drpeter

Super Member
If I understand the term correctly, "cut and sewn" refers to the standard shirt collar where the same shirting material (or perhaps a contrasting one) is cut into a collar and sewn to the neck (or stand) of the shirt.

I tried to look up the term "rack collar", but without much success. Is this another term for the ribbed collars that are usually found on polo shirts? And why are they termed rack collars?
 

TKI67

Super Member
If I understand the term correctly, "cut and sewn" refers to the standard shirt collar where the same shirting material (or perhaps a contrasting one) is cut into a collar and sewn to the neck (or stand) of the shirt.

I tried to look up the term "rack collar", but without much success. Is this another term for the ribbed collars that are usually found on polo shirts? And why are they termed rack collars?
Because they stretch enough to put on over your antlers.
 

eagle2250

Connoisseur/Curmudgeon Emeritus - Moderator
Love those camp mocs and as I recall back in the Fall of 1968, I was a young man, filled with dreams of derring-do and way too much confidence...and wearing a pair of camp moces that looked much like the pair pictured in today's illustration. Although, mine didn't have a strap across the lacing throat of the shoes. Thank you for the memories! ;)
 

Fading Fast

Connoisseur
Handsome chap. But those jeans have gone past the point of no return, LOL.

For some reason, this lad reminded me of the young Sidney Poitier, who could look very elegant when wearing a suit and tie. Maybe I'm just getting old.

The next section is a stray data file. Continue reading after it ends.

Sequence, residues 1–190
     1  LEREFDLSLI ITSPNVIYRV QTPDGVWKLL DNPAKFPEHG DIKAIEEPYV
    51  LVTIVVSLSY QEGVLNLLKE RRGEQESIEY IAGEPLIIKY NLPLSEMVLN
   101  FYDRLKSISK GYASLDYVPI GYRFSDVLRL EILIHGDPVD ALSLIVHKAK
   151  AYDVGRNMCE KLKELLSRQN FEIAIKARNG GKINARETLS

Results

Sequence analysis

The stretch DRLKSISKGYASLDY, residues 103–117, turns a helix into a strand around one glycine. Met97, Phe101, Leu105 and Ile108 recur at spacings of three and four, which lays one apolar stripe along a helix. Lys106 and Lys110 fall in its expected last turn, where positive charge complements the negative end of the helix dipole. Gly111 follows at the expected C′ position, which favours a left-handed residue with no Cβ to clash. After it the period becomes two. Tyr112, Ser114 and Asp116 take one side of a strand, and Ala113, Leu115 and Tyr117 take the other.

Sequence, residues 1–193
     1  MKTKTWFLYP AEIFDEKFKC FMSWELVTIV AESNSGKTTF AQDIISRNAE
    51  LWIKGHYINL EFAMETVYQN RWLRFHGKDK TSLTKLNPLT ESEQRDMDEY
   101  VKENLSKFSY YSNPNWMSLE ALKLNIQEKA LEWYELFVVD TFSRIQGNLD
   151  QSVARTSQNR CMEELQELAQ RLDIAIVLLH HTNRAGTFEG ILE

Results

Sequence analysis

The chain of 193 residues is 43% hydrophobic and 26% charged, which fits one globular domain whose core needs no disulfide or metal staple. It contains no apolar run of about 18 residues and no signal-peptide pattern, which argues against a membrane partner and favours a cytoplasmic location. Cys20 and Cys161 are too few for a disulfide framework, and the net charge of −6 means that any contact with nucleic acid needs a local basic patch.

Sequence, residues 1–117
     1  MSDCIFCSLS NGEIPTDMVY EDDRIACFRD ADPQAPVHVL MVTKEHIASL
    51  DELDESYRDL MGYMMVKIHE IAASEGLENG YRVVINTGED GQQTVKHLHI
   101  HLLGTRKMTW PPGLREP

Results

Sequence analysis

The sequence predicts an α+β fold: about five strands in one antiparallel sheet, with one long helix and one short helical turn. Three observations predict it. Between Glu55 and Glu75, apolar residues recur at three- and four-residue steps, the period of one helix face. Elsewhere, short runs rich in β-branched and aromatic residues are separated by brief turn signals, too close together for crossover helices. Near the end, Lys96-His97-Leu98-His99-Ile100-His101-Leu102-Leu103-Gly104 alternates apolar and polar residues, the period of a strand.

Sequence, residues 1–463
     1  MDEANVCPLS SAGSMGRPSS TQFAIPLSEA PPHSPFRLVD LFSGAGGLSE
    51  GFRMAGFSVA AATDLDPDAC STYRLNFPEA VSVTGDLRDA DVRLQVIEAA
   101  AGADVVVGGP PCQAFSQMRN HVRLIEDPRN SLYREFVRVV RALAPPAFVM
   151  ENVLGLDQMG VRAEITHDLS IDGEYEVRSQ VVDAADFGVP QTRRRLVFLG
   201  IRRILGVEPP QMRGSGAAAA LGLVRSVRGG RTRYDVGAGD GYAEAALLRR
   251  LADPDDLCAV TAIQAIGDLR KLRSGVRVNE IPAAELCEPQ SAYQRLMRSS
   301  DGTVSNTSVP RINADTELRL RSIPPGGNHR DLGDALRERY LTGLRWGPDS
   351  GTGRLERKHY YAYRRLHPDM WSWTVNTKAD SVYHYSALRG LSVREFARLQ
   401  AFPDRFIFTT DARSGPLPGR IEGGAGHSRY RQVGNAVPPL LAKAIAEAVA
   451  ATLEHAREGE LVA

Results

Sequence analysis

TCM is currently running a promo clip of, mainly, quick scenes from Sidney Poitier movies from the 1960s. Beyond being a ridiculously handsome man, as you noted, the man wore a suit and tie incredibly well.

Awhile back, I posted a bit about that in the "Trad in Movies" thread here: #195
 

icebergwtq

Starting Member
I think many young models have, for years now, cultivated an expression that displays a lack of interest in whatever it is that is going on with them or around them. It is a couldn't-care-less attitude that they are either affecting, or actually feeling.
Their expressions are whatever the people staging the catwalk, video or ad tell them to display.
 

Old Road Dog

Active Member with Corp. Privileges
The ads photographed for RL by Bruce Weber were very formative of our standards and expectations of how the clothing should be worn. The photo above in from that era, I believe. To my eye that ensemble is perfect in every detail.

The advertising today is very different from then. There is minimal, or loose coordination of items worn and the models are barely drinking age. To me, they look very much as if someone else dressed them (true). Big fashion companies today are often staffed with twenty-somethings who work for a pitance and a generous discount. They are likely who picks what is to be worn for photo-shoots. It shows. Perhaps that is also the reason the current models have that thousand-yard stare; rather than the gentleman above, who looks as if he could afford to wear what he has on, and chose it himself.
 
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